Amid an influx of development plans in Limerick Township, Montgomery County, the township is proposing an open space tax — an earned income tax increase that would be used to preserve open space.
Residents will make the final call on this November’s ballot.
A ballot question asks Limerick Township if they want a 25% increase to the township’s total earned income tax to use solely for purchasing open space. The funds could create more recreational land, passive land, park land, and trails.
The township and its school district, Spring Ford Area School District, already collect 0.5% each of earned income, totaling a 1% earned income tax for township residents. If this tax is enacted, the total earned income tax would be 1.25%. For every $50,000 of taxable income (the median household income is $96,914), according to Limerick, the EIT will increase by $125.
For 2023, Limerick will receive about $5.4 million from earned income taxes. With the proposed increase, Limerick estimated it will receive an additional $2.1 million annually.
With just over 20,000 residents, Limerick has seen a recent spree of development — including proposed warehouses on a 116-acre plot of land and plans for more than 450 housing units and a 332-unit apartment complex — that has caused some concern among residents.
“One of the big pain points for anyone that’s lived in the township is the amount of development that’s going on currently. And right now, there is nothing for the township to do to slow it down or stop it,” said Allen Dowhie Jr., a township resident and former member of the township’s now dissolved Citizen Advisory Committee for the Open Space Plan.
Dowhie said this move allows the township to act effectively against rapid development.
“We’re just trying to proactively get ahead of it and preserve as much open space as possible,” Dowhie said.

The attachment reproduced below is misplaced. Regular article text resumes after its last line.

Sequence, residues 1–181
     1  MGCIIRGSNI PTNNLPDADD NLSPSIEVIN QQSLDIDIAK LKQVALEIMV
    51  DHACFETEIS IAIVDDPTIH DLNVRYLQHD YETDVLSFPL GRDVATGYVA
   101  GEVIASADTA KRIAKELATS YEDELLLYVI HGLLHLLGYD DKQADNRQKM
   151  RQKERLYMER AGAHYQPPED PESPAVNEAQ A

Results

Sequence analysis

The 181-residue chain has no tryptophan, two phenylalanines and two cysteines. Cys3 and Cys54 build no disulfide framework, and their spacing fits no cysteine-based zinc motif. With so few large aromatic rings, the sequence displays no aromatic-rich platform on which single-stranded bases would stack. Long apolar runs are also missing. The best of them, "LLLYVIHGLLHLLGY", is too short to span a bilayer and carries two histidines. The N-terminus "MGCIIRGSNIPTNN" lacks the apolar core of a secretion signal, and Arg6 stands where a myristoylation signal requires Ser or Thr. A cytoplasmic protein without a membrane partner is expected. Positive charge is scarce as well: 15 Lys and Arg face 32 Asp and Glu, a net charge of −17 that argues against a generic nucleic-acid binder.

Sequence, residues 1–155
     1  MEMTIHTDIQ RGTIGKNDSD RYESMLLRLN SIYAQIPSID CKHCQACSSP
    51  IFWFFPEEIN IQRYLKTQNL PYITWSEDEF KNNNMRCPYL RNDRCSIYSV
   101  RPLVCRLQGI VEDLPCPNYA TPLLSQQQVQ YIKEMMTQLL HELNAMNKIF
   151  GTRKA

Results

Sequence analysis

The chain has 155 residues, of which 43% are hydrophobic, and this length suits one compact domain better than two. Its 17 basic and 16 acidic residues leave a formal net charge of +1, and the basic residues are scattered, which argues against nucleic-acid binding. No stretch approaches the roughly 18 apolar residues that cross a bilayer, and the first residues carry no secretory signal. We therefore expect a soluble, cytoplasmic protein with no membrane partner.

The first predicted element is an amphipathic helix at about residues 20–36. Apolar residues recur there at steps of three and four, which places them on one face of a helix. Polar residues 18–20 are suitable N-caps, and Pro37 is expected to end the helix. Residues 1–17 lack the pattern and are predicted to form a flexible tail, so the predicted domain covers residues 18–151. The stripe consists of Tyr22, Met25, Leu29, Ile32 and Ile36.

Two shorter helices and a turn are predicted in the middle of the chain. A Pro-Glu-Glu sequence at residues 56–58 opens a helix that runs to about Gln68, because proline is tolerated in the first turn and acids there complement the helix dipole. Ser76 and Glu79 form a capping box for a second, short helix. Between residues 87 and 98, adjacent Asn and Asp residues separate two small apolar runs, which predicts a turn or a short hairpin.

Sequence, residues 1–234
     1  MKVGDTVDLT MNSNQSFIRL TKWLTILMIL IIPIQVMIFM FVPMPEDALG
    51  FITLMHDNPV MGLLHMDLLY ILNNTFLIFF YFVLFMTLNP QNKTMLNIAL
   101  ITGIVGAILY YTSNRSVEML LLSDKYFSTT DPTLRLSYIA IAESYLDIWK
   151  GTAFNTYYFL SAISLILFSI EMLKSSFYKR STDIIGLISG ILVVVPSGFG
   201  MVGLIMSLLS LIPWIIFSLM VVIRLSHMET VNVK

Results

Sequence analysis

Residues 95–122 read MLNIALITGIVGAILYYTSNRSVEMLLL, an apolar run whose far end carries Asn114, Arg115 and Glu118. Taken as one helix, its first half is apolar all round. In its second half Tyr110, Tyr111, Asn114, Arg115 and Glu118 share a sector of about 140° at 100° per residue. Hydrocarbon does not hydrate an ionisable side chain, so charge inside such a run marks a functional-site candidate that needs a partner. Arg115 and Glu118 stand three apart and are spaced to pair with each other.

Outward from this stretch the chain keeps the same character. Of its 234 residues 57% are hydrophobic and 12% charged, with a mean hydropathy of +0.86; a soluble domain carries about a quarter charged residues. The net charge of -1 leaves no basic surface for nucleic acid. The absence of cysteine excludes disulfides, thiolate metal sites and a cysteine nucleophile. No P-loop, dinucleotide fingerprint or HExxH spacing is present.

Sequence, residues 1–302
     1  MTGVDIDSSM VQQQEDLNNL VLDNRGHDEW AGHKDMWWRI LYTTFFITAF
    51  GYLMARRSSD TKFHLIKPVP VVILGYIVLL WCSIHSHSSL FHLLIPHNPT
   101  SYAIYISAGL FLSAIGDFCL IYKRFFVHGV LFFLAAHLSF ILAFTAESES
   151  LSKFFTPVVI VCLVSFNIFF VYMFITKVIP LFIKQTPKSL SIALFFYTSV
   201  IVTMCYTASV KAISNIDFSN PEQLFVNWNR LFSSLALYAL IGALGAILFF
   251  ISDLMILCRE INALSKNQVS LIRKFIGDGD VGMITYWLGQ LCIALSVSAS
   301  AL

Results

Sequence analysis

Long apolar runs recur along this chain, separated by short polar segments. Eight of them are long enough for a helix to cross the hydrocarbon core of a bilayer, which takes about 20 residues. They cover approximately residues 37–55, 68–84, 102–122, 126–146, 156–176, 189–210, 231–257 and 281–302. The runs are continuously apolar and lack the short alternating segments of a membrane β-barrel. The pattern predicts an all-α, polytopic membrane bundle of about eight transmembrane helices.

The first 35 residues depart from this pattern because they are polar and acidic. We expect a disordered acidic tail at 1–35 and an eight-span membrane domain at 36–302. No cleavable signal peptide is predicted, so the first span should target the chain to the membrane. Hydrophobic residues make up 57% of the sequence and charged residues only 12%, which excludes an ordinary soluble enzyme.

Township Manager Daniel Kerr said the open space tax plan would allow the township to “preserve some properties that could come under development,” basically, “control development.”
On the other hand, of course, it is another cost for residents. “We do have a lot of open space preserved already,” Kerr said. There is just over 1,942 acres of open space in Limerick, equaling 13.3% of land in the township.
“So I guess we’re going to find out if the voters think that there’s enough already or if they’re willing to continue to preserve the open space and the natural resources of the community before they come under the hand of development,” Kerr said.
The question has been a few years in the making. The township began to re-look at its open space plan in 2019 and hired private consultant Sarah Leeper with Simone Collins Landscape Architecture to work with the township’s newly formed Open Space Committee. The committee finalized the Open Space Plan this year and presented it to the township supervisors in January.
“The new revised plan highlights objectives for open space preservation, new park land, passive lands,” Kerr explained.
Limerick’s board of supervisors appointed a new Open Space Committee, which will come together if the EIT is approved. The committee would work with the board to ascertain where the money should be spent, using the Open Space Plan as a foundational guide.
Resident survey reveals most want more open land
The township surveyed residents from November 2019 to March 2021 to gather feedback on preserving open space. Out of 628 total responses, without everyone answering each question, 454 said Limerick needs more public parks, natural areas, and open space.
Approximately 55% of respondents said they felt they did not have adequate open space near where they live — most said they drive to parks and would prefer to walk.
Roughly 48% of respondents said they would support an earned income tax increase to preserve open space, and 20% said they were unsure. The survey listed other ways the township could fund the acquisition of land, including dedicated funds from earned income tax, general township funds as budgets allow, bond referendum, partnerships with private land conservancy, matching grant programs, and private donation or dedicated lands. Respondents’ top three choices were private donation, grant programs, and land conservancy partnerships.
The Open Space Plan states that “an EIT referendum for open space is needed to provide opportunities to utilize capital funds as leverage for matching grants. However, applicable grants are very competitive.”
Kerr said that Limerick’s Open Space Committee landed on using EIT to fund open space acquisition because it forces the question of preserving space on the referendum. He said it’s a “steady funding stream,” compared to a one-time donation that can’t be used as leverage to get other loans, bonds, or grants.
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